Katherine Wright (1874 - 1929)

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Birthplace: Dayton, Montgomery, Ohio, United States
Death: Died in Montgomery Cnty, Ohio
Managed by: Robert Eggleston Gibson
Last Updated:
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Immediate Family

About Katherine Wright

http://en.wikipedia.org/wiki/Katharine_Wright

Katharine Wright (August 19, 1874 – March 3, 1929) was the only sister of aviation pioneers Wilbur and Orville Wright, and was very supportive of the brothers in their quest to perfect manned flight.

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Katharine Wright (August 19, 1874 – March 3, 1929) was the only sister of aviation pioneers Wilbur and Orville Wright. She was a high school teacher and later became an international celebrity when she accompanied her famous brothers in Europe.

Early years

Born August 19, 1874, exactly three years after Orville, Katharine was the only surviving girl of Milton and Susan Koerner Wright. She was especially close to Wilbur and Orville, and when their mother died in 1889, she took on responsibility for the household.

She graduated from Oberlin College in Ohio, and took a position at Steele High School in Dayton. To help with the household chores, she hired a maid, Carrie Kayler, who remained with the family for decades.

When Wilbur and Orville began spending time away from home at Kitty Hawk and later in Europe and Washington, D.C., Katharine constantly wrote to them, keeping them abreast of family and hometown news. She sometimes scolded them when they didn't regularly send correspondence, and warned them of 'distractions' when in Europe.

In 1908, after nearly three years of trying, the brothers convinced the U.S. Signal Corps to allow them to test their Flyer for possible sale to the government. Orville was the pilot for the demonstrations. After a week of successful and record breaking flights, disaster struck on September 17, 1908. A broken propeller sent the airplane out of control. The crash killed the passenger, Army Lieutenant Thomas Selfridge, and seriously injured Orville, who suffered broken ribs and a broken leg. Katharine immediately went to his bedside at an Army Hospital in northern Virginia, and rarely left his room during Orville's seven week recuperation. She took emergency leave from her teaching job and was never to return.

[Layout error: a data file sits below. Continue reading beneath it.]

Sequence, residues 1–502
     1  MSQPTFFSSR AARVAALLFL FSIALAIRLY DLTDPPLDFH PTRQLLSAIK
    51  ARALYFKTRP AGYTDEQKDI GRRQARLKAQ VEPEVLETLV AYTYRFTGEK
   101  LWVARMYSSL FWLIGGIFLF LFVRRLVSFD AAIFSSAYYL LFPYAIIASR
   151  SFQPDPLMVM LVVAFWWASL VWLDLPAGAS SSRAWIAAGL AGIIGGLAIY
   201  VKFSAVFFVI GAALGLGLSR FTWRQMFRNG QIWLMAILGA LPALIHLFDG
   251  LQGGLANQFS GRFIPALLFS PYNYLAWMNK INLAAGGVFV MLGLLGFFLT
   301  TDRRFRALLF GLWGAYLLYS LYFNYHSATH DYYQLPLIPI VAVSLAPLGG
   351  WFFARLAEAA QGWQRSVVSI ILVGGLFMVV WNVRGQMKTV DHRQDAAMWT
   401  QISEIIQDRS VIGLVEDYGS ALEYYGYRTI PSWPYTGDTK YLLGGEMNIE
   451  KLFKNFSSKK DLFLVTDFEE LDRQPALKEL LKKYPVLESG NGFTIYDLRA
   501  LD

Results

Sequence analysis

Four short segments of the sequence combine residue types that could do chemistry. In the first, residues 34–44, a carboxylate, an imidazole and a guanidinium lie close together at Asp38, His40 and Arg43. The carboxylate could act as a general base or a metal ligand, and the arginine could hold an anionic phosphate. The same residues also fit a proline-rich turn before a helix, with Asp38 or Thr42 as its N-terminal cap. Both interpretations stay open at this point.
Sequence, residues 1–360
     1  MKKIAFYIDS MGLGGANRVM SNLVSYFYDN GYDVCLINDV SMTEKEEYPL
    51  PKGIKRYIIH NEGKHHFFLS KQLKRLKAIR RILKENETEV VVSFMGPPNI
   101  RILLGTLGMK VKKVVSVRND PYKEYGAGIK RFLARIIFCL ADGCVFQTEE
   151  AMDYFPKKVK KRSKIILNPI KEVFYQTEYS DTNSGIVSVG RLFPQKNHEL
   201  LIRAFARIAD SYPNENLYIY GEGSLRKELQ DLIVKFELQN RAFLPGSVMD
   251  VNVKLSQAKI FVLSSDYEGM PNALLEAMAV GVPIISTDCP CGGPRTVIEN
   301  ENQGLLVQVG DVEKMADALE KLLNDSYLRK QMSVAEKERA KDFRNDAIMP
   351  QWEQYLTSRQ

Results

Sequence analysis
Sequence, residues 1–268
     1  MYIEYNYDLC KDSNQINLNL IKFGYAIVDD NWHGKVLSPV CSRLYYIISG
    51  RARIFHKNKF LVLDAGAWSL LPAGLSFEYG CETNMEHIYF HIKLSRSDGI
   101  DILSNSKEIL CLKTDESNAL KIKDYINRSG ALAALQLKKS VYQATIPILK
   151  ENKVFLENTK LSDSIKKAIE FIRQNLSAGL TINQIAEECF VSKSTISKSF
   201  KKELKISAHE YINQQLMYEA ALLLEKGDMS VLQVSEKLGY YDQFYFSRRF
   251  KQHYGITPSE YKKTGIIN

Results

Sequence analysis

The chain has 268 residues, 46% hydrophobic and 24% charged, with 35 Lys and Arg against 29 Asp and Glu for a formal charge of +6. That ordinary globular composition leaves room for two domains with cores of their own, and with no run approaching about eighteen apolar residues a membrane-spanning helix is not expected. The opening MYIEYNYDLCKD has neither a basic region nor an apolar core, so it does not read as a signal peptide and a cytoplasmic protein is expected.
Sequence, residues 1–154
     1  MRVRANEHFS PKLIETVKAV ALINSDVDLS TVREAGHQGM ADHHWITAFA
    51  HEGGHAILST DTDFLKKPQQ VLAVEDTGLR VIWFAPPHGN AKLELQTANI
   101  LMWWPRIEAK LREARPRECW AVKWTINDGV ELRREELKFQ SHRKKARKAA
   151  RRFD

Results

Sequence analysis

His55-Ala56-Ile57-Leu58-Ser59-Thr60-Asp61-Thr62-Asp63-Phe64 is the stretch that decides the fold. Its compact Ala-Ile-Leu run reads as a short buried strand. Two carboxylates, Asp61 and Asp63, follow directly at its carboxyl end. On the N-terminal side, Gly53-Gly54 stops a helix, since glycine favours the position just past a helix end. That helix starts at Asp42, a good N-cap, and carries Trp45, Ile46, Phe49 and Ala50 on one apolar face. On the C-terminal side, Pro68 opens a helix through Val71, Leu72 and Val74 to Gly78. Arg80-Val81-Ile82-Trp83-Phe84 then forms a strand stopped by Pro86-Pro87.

Celebrity

Wilbur asked Katharine to go to France with Orville, and in 1909 they joined him in Pau. She quickly dominated the social scene, being far more outgoing and charming than the notoriously shy brothers. French newspapers were fascinated by what they saw as the human side of the Wrights. Rumors began to circulate as to Katharine's importance in the invention of the Wright Flyer. Some myths—such as her funding of the experiments, or sewing the wing coverings or help with math needed to design the aeroplane--lived on, despite strenuous denials by her and the brothers at the time. She was awarded, along with Wilbur and Orville, the Legion d'honneur, making her one of the only women from the U.S. to receive it.

When they returned to Dayton, Ohio, all three siblings were huge celebrities, and Katharine took on business responsibilities, becoming an officer of the Wright Company in 1912 after Wilbur died. The company was sold in 1915 by Orville.

Upheaval and her new life

In 1917, their father Milton died, three years after he, Katharine, Orville, and Charles and Carrie Kayler Grumbach moved to Hawthorn Hill, a newly-constructed mansion in the Dayton suburb of Oakwood. Orville became increasingly dependent on Katharine. She looked after his social schedule, correspondence and business engagements along with his secretary, Mabel Beck, and ran the household as before.

Marriage, heartbreak and death

In the 1920s, Katharine renewed correspondence with an old boyfriend from college days, newspaperman Henry Haskell, a widower who lived in Kansas City. They began a romance through their letters, but Katharine feared Orville's reaction. After several attempts, Henry broke the news to Orville. He was devastated, and stopped speaking to his sister. When Katharine wed in 1926, Orville refused to attend the ceremony. Katharine and her husband moved to Kansas City, but she grieved over her broken relationship with Orville. She tried many times for a reconciliation, but Orville refused.